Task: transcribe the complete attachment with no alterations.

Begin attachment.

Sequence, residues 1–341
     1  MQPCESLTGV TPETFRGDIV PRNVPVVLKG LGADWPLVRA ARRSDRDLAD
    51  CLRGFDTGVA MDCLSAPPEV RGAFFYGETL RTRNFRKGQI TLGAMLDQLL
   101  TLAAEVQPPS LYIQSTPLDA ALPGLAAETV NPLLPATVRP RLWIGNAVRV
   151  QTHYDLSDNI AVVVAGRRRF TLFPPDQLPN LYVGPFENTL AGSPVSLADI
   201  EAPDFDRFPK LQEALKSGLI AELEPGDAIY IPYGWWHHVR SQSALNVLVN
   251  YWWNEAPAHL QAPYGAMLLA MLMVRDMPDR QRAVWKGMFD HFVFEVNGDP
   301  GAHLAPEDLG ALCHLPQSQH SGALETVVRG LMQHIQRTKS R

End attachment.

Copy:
Sequence, residues 1–341
     1  MQPCESLTGV TPETFRGDIV PRNVPVVLKG LGADWPLVRA ARRSDRDLAD
    51  CLRGFDTGVA MDCLSAPPEV RGAFFYGETL RTRNFRKGQI TLGAMLDQLL
   101  TLAAEVQPPS LYIQSTPLDA ALPGLAAETV NPLLPATVRP RLWIGNAVRV
   151  QTHYDLSDNI AVVVAGRRRF TLFPPDQLPN LYVGPFENTL AGSPVSLADI
   201  EAPDFDRFPK LQEALKSGLI AELEPGDAIY IPYGWWHHVR SQSALNVLVN
   251  YWWNEAPAHL QAPYGAMLLA MLMVRDMPDR QRAVWKGMFD HFVFEVNGDP
   301  GAHLAPEDLG ALCHLPQSQH SGALETVVRG LMQHIQRTKS R